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Quantitative Assessment of All-Class Project-based Undergraduate Course on Graduates Career

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2014 ASEE Annual Conference & Exposition


Indianapolis, Indiana

Publication Date

June 15, 2014

Start Date

June 15, 2014

End Date

June 18, 2014



Conference Session

The Nature of Innovation and Entrepreneurship Session 4

Tagged Division

Entrepreneurship & Engineering Innovation

Page Count


Page Numbers

24.1028.1 - 24.1028.18



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Paper Authors


Emil H. Salib James Madison University

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Professor in the Integrated Science & Technology Department at James Madison University. Current Teaching - Wire-line & Wireless Networking & Security and Cross Platform Mobile Application Development.
Current Research - Mobile IPv6 and Design for Motivation Curriculum

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Eric Vincent Walisko James Madison University

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All-class One-Project One-Semester Case Study Undergraduates for Innovative and Entrepreneurial Development EnvironmentDue to continuing advances in technology, there is an exponentially larger arsenal of resources and toolsavailable to innovators and entrepreneurs than there were in the recent past. This results in countlessopportunities for new products and services to be created as well as for existing products and processes tobe revolutionized. Not only have the tools changed, but so has the route to innovation, and with it,society’s ideal image of who the value creators are. In the early 1900s, large companies such as IBM andAT&T leveraged their resources to form research laboratories that invested millions of dollars intoinfrastructure, facilities, and personnel. Out of these investments, they were able to create structuredresearch groups who then brought about breakthrough enabling technologies such as the transistor andpersonal computer. These breakthroughs took significant resources and time to be rolled out and beaccessible at the masses. We now have stumbled into an era where these types of massive investmentsare not necessary to bring about something from scratch, such as, Facebook and Twitter. A single team ofdedicated and passionate entrepreneurs and developers are now able to rapidly build technology, designproducts, gain investment, and ship their creations to the world. These small, nimble and entrepreneurialstartups aggressively seek undergraduates who are well prepared to innovate and roll out creativeproducts and projects. An opportunity now lies in providing undergraduate students with preparation towork in this environment.At our university [name was held], we designed a course to mirror this type of rapid development bytaking a group of under-skilled junior and senior students, assigning them groups, and demanding a finalproduct over just one semester. A class of just 14 students was challenged to work together to identify anidea for a product or service that they all can stand behind. In this age of rapid introduction of newtechnologies, these small teams arm themselves with open source desktop operating systems (such asLinux), cross platform application development environments like PhoneGap and Titanium, and powerfulmobile computing devices, just to name a few. Given access to these same tools and tasked with theproduction of an end-to-end product or service, the all-class-one-project team has shown, throughexperience, that the ability to create value and innovate is already in reach. This class was able tosuccessfully apply the new generation of tools at hand to a specific field, without prior knowledge of howto operate them, and not only reimagined the world of disk jockeying (one project example) but alsoadded value to all included parties. We believe that this unique classroom setting provides students withan unparalleled level of preparation for producing results in challenging and dynamically changing worksettings.We have conducted this all-class-one-project-one-semester course over the last three years in the springsemesters. Based on a preliminary survey and feedback from alumni, we believe that the course hasachieved its objective of preparing our undergraduates for the ever changing and challenging product andservice development environment. In this paper, we will present in details the results of a thoroughsurvey of the graduated integrated science and Technology students. We will show quantitatively justhow effective and valuable the all-class-one-project-one-semester approach using a number of differentmetrics relating to these students entering the workforce. Some of these metrics include how importantgraduates rated the course in getting a job, if the course was mentioned and focused on at all during theinterview process, and how prepared graduates have felt in an intense group setting. The responses of thesurvey from the alumni will help quantify the strength and areas of improvement of this course inproviding the best springboard into post-graduation challenging workplace.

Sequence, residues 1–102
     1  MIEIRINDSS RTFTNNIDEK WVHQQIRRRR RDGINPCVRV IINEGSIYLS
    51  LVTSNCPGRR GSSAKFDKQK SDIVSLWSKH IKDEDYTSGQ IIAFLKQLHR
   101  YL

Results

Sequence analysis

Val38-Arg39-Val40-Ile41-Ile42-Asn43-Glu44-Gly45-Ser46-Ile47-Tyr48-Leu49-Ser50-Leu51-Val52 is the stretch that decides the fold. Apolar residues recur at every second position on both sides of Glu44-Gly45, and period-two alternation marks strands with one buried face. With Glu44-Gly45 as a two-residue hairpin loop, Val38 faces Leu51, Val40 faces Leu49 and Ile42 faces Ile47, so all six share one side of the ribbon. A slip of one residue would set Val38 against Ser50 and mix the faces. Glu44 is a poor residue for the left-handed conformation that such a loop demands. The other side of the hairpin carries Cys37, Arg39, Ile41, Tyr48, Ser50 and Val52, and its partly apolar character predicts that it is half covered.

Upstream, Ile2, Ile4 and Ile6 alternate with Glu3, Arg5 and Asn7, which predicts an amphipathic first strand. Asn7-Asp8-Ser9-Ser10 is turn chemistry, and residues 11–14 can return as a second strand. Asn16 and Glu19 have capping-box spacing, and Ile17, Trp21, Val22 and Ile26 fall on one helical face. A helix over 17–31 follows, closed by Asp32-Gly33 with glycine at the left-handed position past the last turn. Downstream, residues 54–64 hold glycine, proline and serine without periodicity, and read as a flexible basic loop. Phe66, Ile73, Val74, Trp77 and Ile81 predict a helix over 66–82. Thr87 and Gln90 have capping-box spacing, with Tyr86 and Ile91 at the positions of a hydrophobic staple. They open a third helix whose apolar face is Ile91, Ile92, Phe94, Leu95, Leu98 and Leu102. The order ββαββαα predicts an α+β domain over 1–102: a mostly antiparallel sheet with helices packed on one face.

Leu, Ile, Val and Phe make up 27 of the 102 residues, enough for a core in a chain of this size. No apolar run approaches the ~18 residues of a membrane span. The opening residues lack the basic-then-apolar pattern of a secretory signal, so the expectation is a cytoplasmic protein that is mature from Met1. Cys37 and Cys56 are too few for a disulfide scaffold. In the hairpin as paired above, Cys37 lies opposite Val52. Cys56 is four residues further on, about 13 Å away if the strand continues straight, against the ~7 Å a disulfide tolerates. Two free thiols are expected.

Salib, E. H., & Walisko, E. V. (2014, June), Quantitative Assessment of All-Class Project-based Undergraduate Course on Graduates Career Paper presented at 2014 ASEE Annual Conference & Exposition, Indianapolis, Indiana. 10.18260/1-2--22961

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